Back in 1450 BC, a massive volcanic eruption caused the middle of Santorini to fall into the sea. It left a steep-edged crater known as a caldera peeping above the waves, which, today, is a spectacular sight from the island’s clifftops.
It’s not just the geological make-up of the island that turns heads, though. With its whitewashed houses, blue-domed churches and never-ending vineyards, Santorini is Greece at its traditional best. Thira, the capital, is a popular place to stay – it’s perched on top of the caldera rim overlooking the Aegean. And the northern town of Oia, which also has a spot on the caldera, is the best place to see the island’s famous sunsets.
The beach scene
If you don’t mind your sand in a darker shade of grey – a legacy of the island’s volcanic past – there are some great beaches in towns like Kamari and Perissa. Framed by jagged cliffs, Kamari’s dark sandy sweep has been given Blue Flag status. As for Perissa, the 7-kilometre stretch here comes with a good helping of watersports.
Mykonos Town is a jumble of white houses, scrubbed and polished and accessorised with blue doors and flower-filled balconies. The whole place is a warren of narrow lanes and endless nooks and crannies hiding a little church here, a tiny boutique there. It climbs from the port up the gentle inclines of a hillside, watched over by the island’s 16th-century windmills.
The town’s labyrinthine layout – originally intended to baffle marauding pirates – means it’s easy to get lost here, but that’s half the fun. There’s plenty to see while you get your bearings. Coming from the ferry quay, there’s every chance you’ll pass the Archaeological Museum and its pottery displays, plus the Folklore Museum housed in an 18th-century mansion. Keep walking uphill and you might end up on Matoyianni Street, wall-to-wall with independent stores selling leather goods and one-of-a-kind jewellery.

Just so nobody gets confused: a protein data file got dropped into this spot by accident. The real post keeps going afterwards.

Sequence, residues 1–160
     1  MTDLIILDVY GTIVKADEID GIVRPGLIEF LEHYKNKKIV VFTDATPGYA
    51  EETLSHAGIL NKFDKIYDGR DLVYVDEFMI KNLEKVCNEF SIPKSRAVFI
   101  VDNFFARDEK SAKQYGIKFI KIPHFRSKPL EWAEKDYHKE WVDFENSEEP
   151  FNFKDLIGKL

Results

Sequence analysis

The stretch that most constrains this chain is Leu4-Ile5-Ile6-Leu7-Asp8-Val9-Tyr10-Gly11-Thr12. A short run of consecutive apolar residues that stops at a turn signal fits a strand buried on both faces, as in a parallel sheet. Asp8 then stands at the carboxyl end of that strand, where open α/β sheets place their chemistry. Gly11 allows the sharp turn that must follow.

By the shore
Cupped in a wide bay, the harbour is where the Prada-clothed crowd hangs out to watch the world go by. It’s a whirl of activity, with fishing boats bobbing on the water and ferries coming and going from other islands in the Cyclades. The Little Venice quarter, so-called because of its balconied houses teetering right by the water’s edge, is nearby. It’s a long-standing artists’ haunt, and has almost as many galleries as it does restaurants and bars.
The town has a small beach at the harbour front, and superior sands are close by. Platys Gialos is a long, stretch, 15 minutes away by bus, and the springboard to other southern Mykonos beaches. From here, it’s a few minutes’ walk to the little cove of Aghia Anna, where a handful of bamboo dividers and a sole taverna keep things low-key. It’s only another 15 minutes over the headland to laid-back Paranga Beach.
With a coastline that unravels for over 290 kilometres, Kos has more than its fair share of beaches. They come in all shapes and sizes, from golden swathes backed by beach bars, to hidden bays and little-known coves. The island’s good looks don’t end with its shores, either. Inland, whitewashed villages spill down the hillsides and wild flowers blanket the fields. Then there’s Mount Dikeos, whose slopes are peppered with pine forests and castles.
In terms of where to stay, Kos has two very different sides to it. Kardamena is the best place to head for nightlife – its streets are packed with karaoke bars, English pubs and strobe-lit clubs. The cosmopolitan capital, Kos Town, is also lively, with holidays here revolving around lantern-lit dinners by the harbour-side, and cocktails and dancing in the bars of the backstreets.
Kefalos combines old and new. At first glance it’s thoroughly traditional, with its sugar-cube houses, ancient ruins and timeworn windmills. But it’s also home to the purpose-built resort of Kamari, which is bubbling with cafés, bars and restaurants. If you want to keep things low-key, Psalidi is another good option. There’s little more than a golden sandy beach and a sprinkle of tavernas and shops here.